5 Key Details Every Plastic Surgeon Should Know About Their Employment Agreement

Posted By Mike Meyer, Friday, April 9, 2021

contract and pen

By Bradford E. Adatto, Partner, ByrdAdatto

The biggest concern that every young plastic surgeon typically has with their first employment agreement is compensation. Although this can drive whether you decide to enter into the arrangement, it should not be the only driving force. Most plastic surgeons don't understand that there are five other key details that they must consider before entering into any contract. This article covers what we call "The Big Five":

  • A written contract;
  • Before and after pictures;
  • Covenants;
  • Patients; and
  • Benefits.

The Big Five should be addressed at some point, either in the written contract or in conversations between the medical practice and the physician.

  1. A written contract: Most states allow parties to enter into oral contracts. However, we recommended all parties enter into written contracts. One of the biggest issues with any contract is the danger of unmet expectations. If terms and conditions are not in writing, it is impossible to figure out what was actually expected between the parties. Therefore, our recommendation is always to get something in writing between the parties to minimize unmet expectations.
  2. Before and after pictures: As a plastic surgeon, your lifeblood is new patients. Additionally, most plastic surgeons' desire is to become board-certified. To accomplish both of these goals, you must be able to access and use before and after pictures. These pictures are used on social media, including Snapchat, Instagram and RealSelf, and are submitted to the board to demonstrate competency. Most plastic surgeons do not address the ownership and use of these pictures in their contract. This can cause massive disputes over time. Additionally, there are numerous privacy laws that must be discussed and understood while working through these issues.
  3. Restrictive covenants: Restrictive covenants are terms and conditions that prohibit physicians from certain rights—the right to work in certain areas (non-competes), contact patients or employees (non-solicitations), and share information (non-disclosures). The vast majority of states do allow some form of restrictive covenants. Accordingly, it is important to understand how those restrictions will affect you down the road.
  4. Patients: It is important for you to understand how you find your patients when you are joining a new practice. Will the practice market you? When a patient calls the practice, how will they be assigned if they do not have a relationship with any of the physicians at the practice? What is the process of keeping up with those patients once they walk through the door? Most of these questions are not addressed in the initial stages of a contract and are vital to the health of the practice and to a physician's success.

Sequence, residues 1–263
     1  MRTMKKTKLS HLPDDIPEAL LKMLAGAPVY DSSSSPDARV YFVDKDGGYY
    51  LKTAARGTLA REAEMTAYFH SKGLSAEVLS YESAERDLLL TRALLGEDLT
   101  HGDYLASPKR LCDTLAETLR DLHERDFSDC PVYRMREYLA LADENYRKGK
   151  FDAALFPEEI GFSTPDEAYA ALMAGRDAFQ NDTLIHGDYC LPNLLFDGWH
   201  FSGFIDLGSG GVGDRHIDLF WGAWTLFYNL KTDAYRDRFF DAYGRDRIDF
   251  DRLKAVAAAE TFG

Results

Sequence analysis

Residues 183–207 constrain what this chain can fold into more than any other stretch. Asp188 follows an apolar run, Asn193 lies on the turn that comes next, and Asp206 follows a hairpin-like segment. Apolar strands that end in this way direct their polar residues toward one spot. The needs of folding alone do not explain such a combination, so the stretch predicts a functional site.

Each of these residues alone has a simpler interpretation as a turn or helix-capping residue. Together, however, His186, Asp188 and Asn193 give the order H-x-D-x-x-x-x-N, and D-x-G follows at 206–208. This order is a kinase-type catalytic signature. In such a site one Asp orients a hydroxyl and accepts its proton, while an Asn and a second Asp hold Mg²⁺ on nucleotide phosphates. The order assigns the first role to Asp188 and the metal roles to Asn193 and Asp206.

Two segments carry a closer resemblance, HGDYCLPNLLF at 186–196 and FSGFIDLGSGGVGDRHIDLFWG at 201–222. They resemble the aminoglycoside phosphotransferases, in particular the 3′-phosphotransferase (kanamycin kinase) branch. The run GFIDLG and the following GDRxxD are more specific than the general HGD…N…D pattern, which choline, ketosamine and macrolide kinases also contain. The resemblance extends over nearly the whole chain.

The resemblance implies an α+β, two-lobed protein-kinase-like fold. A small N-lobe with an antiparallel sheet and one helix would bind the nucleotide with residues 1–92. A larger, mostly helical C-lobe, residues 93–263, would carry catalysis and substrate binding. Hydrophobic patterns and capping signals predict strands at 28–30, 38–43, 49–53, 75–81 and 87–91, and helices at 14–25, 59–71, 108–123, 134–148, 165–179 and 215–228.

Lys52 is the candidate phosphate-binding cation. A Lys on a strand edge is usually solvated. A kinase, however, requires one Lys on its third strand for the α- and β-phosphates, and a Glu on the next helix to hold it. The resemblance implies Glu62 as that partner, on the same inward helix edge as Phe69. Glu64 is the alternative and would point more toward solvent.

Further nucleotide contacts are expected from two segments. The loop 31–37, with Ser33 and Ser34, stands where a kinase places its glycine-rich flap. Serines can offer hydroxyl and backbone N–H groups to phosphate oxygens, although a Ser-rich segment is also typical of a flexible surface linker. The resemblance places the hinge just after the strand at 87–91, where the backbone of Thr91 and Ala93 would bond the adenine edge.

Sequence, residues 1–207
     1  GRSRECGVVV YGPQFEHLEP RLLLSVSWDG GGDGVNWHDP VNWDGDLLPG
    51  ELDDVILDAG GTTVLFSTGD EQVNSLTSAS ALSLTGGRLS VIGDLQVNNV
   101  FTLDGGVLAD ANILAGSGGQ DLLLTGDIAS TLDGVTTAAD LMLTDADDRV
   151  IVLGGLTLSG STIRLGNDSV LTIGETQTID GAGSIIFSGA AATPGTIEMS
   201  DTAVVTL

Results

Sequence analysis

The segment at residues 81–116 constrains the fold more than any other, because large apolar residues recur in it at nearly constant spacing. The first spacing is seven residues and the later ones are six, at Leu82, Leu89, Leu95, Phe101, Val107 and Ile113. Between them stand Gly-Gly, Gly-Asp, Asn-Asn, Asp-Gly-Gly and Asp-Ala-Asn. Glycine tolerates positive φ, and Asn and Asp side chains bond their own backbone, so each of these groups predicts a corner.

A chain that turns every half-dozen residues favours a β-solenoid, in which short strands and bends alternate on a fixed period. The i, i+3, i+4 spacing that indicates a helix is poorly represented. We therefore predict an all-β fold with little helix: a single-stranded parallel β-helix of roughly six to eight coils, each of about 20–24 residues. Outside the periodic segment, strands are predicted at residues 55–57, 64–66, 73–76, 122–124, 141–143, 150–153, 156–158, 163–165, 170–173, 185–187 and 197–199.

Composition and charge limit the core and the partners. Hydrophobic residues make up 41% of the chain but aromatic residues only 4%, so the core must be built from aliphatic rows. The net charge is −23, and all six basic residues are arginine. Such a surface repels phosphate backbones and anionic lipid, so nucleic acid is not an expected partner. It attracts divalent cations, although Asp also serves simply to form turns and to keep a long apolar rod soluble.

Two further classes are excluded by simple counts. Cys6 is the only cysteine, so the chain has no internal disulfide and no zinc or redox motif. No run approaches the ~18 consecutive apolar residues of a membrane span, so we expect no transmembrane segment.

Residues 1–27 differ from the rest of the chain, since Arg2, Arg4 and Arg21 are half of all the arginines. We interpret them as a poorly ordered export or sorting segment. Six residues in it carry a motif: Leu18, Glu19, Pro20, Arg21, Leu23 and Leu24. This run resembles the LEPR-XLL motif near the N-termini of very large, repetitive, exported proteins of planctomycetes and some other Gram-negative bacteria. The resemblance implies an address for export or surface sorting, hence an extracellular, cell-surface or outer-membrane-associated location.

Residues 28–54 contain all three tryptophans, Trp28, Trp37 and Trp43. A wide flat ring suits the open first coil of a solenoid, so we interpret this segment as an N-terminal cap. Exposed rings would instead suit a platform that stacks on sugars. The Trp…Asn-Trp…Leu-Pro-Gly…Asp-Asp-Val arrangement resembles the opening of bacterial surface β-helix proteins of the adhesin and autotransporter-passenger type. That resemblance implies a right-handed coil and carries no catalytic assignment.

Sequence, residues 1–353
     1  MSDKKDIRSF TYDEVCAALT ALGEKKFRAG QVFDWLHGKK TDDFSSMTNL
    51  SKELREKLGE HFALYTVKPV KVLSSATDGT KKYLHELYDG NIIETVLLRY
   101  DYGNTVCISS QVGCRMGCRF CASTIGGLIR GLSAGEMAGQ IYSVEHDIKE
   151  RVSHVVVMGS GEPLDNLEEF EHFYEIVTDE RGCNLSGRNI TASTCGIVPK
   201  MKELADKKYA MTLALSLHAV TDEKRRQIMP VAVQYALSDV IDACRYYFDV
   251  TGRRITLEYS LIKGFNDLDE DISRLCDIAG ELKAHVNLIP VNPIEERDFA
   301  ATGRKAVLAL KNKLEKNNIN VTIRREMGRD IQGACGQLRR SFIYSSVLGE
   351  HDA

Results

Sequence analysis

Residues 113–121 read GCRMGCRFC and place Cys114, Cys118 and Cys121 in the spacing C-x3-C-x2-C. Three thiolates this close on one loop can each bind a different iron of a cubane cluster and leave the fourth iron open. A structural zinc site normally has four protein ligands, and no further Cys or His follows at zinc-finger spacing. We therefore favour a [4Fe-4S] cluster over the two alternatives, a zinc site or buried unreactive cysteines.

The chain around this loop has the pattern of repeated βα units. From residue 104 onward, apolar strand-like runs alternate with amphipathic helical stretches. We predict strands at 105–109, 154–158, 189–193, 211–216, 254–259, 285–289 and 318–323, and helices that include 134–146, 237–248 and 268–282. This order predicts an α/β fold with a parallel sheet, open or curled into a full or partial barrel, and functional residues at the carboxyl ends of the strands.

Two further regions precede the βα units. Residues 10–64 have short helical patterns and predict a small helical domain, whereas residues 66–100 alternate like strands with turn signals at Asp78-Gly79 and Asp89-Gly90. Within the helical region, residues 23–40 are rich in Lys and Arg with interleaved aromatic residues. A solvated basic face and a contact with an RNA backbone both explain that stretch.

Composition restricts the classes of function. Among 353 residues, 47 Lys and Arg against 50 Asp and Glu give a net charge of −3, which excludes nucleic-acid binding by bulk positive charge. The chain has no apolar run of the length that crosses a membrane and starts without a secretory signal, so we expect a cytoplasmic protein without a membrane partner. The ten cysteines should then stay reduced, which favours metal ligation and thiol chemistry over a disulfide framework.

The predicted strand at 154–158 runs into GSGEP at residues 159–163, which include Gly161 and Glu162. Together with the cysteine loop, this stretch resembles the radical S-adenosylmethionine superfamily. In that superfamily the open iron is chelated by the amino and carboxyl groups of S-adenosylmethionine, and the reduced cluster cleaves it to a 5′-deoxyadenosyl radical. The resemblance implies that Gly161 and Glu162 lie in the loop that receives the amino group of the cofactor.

5. Benefits: When joining a practice, understand that, although the salary is an important benefit, you should take the time to understand what other benefits the practice will provide. Benefits can include paying for or subsidizing continuing education, licensing and subscriptions; providing health care insurance and 401K matching; and, of course, providing your malpractice insurance.

AmSpa members receive a complimentary 20-minute Introductory Compliance Assessment with a ByrdAdatto attorney. Click here to learn how to join AmSpa today!

Bradford E. Adatto is a partner at ByrdAdatto, a national business and health care boutique law firm with offices in Dallas and Chicago. His background is in regulatory, transactional and securities law. Having worked in health care law his entire career, he has an in-depth knowledge of the "dos and don'ts" of this heavily regulated industry. Brad has worked with physicians, physician groups, and other medical service providers in developing ambulatory surgical centers, in-office and freestanding ancillary service facilities, and other medical joint ventures. He regularly counsels clients with respect to federal and state health care regulations that impact investments, transactions and contract terms, including Medicare fraud and abuse, antitrust, anti-kickback, anti-referral, and private securities laws.

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